BIOMASS: The wood pellet business is booming across the Southeast, driven by European policies that reward burning wood due to what scientists say is a dangerous carbon accounting loophole. (InsideClimate News)
• A remodeled McDonald’s designed to generate all of its own power on site opens near Disney World with over 1,060 rooftop solar panels. (Orlando Sentinel)
• Duke Energy says it’s open to changes to its popular rooftop solar rebate program to make it more effective. (Triad Business Journal, subscription required)
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OIL & GAS: The future of the U.S. oil and gas boom is in doubt after recent setbacks involving major pipeline projects. (Associated Press)
• A federal appeals court rules that drilling can resume in a sensitive Alaskan reserve without updating an environmental assessment that was completed four years before oil was discovered in the area. (Courthouse News)
• As Microsoft vows to eliminate its carbon footprint within a decade, its retirement program is pumping millions into the fossil fuel industry. (E&E News)
• Texas residents raise concerns about a law that allows oil and gas drilling to take place in backyards, vacant lots and other urban areas. (Houston Chronicle)
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CLIMATE: A Democratic Party “unity task force” unveils a climate plan that calls for 100% carbon-free power by 2035 — 15 years earlier than former Vice President Joe Biden’s previous position. (The Hill)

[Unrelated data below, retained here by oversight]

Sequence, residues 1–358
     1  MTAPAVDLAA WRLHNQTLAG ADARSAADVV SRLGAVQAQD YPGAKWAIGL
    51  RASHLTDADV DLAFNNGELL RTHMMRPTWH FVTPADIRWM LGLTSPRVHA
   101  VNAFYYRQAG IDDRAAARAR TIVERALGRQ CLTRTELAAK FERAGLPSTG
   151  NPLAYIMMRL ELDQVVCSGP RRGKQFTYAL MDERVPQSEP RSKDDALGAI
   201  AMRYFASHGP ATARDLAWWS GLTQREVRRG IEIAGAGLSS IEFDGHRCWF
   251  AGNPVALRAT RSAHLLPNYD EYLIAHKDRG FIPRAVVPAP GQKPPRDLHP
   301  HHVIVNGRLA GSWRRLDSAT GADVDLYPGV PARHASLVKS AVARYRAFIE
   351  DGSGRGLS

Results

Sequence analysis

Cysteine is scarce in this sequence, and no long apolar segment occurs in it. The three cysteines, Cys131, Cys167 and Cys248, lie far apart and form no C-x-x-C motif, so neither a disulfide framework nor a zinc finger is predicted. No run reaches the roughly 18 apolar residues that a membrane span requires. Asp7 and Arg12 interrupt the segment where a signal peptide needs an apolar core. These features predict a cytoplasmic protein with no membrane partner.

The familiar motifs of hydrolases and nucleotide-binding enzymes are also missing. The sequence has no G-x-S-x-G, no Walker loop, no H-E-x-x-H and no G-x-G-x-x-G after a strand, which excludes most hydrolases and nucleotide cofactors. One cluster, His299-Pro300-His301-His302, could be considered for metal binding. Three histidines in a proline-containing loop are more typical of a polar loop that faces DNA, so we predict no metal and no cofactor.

GRID: U.S. economic growth appears to be decoupling from energy generation, with electricity production increasing 40% since 1990 as the GDP more than doubled, according to a new McKinsey study. (Quartz)
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• U.S. power sector carbon emissions fell 8% from 2018-2019 as a result of coal plant closures, according to a new report.
PIPELINES: Climate activists sense a turning point as three major pipeline projects are either stalled or canceled, and environmental and Indigenous groups mount increasingly sophisticated legal attacks. (InsideClimate News, New York Times)
• Court decisions this week together highlight and raise the energy stakes of November’s election, which could decide the fate of the Keystone XL and Dakota Access pipelines. (Axios)
• A federal judge declines to reverse his decision ordering the Dakota Access pipeline to be shut down. (The Hill)
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PIPELINES: Southeast activists who spent six years fighting the proposed Atlantic Coast Pipeline celebrate developers’ decision over the weekend to abandon the project amid mounting delays and legal uncertainty. (NBC News)
• On Monday, a federal judge ruled the Dakota Access pipeline must be shut down and emptied of oil by Aug. 5 pending an environmental review. (NPR)
• Meanwhile, the U.S. Supreme Court rejected a Trump administration request to allow construction on parts of the Keystone XL pipeline. (New York Times)
• The Supreme Court also reinstated an Army Corps of Engineers program that’s used to fast-track water crossing permits for pipelines.